Make beef jerky
A tasty lesson about how important water is in living organisms.
The fact that the human body is 70% water is pretty well known, but really on its own it's just a simple factoid. It doesn't teach you much. Instead, make the knowledge part of a lesson in biology revolving around the importance of water to (all!) life.
Since practical lessons tend to stick much better, this lesson uses all of the senses and lets the children get involved with the proces to make sure it sticks.
Observing ordinary meat
Start by getting a slab of ordinary meat to make jerky from. Show it to the kids; talk a bit about how water is important to living things. Let them handle the meat and ask them to write down what it looks, feels and smells like.
Next, tell them you're going to remove the water from the meat. (Don't tell them it becomes jerky, that might make them cheat in the next steps) Let them predict how much of the meat is water (their own best guess) and write it down. Also let them predict what will happen to the meat, using the same descriptors as in the first step (looks, feels, smells).
End lesson, make jerky
End the first part of the lesson. Use a very bland marinade to prep the jerky and then weigh the end result and write down the number. The reason for using a bland marinade is that you want to change the smell as little as possible! You can let the kid watch in on this part and/or turn it into another lesson, of course.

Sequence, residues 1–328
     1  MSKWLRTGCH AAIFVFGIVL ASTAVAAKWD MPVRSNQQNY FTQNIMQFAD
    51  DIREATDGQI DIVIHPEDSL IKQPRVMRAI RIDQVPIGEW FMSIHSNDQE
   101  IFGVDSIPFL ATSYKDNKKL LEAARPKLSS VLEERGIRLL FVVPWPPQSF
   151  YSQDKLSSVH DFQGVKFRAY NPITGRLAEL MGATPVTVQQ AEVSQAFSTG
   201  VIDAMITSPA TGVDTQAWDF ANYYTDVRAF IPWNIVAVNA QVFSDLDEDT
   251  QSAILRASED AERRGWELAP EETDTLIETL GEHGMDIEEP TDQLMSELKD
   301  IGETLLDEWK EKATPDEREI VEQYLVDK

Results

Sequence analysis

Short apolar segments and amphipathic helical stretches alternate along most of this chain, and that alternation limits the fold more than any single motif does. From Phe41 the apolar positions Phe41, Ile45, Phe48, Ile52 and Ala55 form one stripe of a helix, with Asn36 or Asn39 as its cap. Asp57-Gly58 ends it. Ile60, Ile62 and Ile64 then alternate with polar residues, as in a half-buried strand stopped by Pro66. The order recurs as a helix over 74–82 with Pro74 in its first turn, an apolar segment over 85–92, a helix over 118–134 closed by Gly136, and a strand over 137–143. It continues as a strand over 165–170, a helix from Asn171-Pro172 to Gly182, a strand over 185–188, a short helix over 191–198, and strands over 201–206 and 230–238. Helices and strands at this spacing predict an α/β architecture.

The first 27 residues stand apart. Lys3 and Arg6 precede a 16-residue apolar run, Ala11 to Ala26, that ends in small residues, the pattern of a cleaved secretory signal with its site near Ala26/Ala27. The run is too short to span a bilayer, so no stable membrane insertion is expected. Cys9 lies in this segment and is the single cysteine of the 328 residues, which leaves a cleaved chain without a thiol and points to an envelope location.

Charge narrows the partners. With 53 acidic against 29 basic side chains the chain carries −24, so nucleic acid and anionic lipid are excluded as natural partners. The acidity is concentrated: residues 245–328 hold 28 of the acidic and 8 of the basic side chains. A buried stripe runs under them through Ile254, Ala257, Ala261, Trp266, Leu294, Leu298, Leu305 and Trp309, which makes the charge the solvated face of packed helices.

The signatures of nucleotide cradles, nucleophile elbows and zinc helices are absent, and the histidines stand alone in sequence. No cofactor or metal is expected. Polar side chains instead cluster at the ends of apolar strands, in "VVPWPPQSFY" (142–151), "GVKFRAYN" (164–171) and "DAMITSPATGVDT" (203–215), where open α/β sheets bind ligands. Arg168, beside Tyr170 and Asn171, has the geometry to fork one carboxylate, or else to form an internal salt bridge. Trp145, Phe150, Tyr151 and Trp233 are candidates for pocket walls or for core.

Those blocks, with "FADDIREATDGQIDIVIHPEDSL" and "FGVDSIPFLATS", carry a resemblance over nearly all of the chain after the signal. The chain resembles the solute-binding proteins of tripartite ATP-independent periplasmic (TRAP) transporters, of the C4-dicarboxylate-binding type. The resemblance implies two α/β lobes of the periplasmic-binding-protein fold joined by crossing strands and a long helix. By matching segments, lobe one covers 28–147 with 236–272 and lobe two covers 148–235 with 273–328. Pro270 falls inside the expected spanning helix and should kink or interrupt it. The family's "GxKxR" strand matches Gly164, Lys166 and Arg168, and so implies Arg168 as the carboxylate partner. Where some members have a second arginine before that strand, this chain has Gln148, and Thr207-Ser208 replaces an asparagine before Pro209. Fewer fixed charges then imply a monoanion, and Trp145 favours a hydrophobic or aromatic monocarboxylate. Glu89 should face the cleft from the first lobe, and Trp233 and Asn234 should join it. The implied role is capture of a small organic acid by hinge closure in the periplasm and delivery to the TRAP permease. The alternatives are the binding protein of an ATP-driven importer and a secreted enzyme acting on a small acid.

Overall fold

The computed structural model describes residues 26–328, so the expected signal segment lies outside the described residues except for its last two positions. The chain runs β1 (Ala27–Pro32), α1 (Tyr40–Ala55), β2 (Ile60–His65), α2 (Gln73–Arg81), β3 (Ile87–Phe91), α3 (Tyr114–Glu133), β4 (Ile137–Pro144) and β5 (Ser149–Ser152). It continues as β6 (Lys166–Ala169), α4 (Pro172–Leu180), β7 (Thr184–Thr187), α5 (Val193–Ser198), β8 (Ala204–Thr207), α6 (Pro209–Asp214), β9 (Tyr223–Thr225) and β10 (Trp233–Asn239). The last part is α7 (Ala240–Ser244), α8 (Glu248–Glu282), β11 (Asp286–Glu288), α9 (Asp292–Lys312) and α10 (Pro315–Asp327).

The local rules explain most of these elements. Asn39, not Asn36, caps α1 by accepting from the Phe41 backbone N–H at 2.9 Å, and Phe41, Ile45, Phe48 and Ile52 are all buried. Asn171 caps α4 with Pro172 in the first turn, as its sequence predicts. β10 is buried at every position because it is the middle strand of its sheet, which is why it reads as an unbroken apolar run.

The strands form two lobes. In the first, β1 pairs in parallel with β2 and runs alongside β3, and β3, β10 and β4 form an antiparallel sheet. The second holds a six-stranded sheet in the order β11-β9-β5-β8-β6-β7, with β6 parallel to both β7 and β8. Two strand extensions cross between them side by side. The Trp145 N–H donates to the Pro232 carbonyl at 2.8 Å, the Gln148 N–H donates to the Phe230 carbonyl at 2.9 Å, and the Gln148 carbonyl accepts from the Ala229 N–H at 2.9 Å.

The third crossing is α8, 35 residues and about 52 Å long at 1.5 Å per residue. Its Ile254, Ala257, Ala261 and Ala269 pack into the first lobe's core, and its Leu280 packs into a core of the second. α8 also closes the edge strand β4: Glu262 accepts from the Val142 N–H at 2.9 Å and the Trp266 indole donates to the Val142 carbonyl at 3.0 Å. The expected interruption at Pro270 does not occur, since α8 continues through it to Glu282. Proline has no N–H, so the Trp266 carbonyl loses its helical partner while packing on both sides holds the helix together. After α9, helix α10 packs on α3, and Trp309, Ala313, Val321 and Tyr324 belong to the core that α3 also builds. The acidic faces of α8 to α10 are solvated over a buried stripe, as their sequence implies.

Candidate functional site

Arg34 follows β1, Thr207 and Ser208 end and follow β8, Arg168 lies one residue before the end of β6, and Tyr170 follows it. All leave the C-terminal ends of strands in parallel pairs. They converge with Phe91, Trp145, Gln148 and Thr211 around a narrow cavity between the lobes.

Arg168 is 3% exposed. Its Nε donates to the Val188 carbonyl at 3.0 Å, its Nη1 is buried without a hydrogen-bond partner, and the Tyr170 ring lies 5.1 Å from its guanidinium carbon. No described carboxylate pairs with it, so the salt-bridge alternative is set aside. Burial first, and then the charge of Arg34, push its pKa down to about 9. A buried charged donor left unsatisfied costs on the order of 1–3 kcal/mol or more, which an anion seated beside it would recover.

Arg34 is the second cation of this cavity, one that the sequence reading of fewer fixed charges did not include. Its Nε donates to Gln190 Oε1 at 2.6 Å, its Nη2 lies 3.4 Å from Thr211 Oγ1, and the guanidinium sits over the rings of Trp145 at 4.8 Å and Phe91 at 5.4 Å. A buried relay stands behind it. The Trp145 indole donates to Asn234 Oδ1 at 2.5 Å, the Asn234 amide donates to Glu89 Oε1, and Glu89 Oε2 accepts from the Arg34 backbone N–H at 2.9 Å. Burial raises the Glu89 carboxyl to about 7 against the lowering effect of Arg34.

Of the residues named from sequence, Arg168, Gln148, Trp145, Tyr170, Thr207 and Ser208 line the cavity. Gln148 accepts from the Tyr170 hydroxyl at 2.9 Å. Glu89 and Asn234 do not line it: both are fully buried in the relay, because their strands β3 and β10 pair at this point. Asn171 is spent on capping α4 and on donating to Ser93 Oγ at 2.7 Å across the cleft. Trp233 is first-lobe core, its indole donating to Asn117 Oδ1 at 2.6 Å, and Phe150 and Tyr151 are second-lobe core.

Prepare next lesson
Once the jerky is complete, start the next lesson. Tell the kids the total weight at the start. Then, let them weigh the end result and let them figure out how much of the initial weight was water that has now been removed.
Let them handle the meat again and write down the look, feel, smell, etc. Recover the earlier writings. Compare their predictions (both in water content % vs real and the predicted look/feel/smell vs the actual) and discuss the results. Then talk a bit about what has happened to the meat and where the differences are coming from.
Take questions, if any remain. Then, eat the jerky together.
- letting kids explore the proces with all their senses means things will stick better
- teaches children about the scientific method; make predictions, do experiments, see if you were right, figure out what happened
- learn about how things are prepared and that food isn't just produced in a factory
- material might be expensive and can only be used once
- lesson is split in two parts due to preperation proces of jerky
- not suitable for vegetarians (but try dried fruit instead; works about the same although it's a little further removed from the feel of human flesh)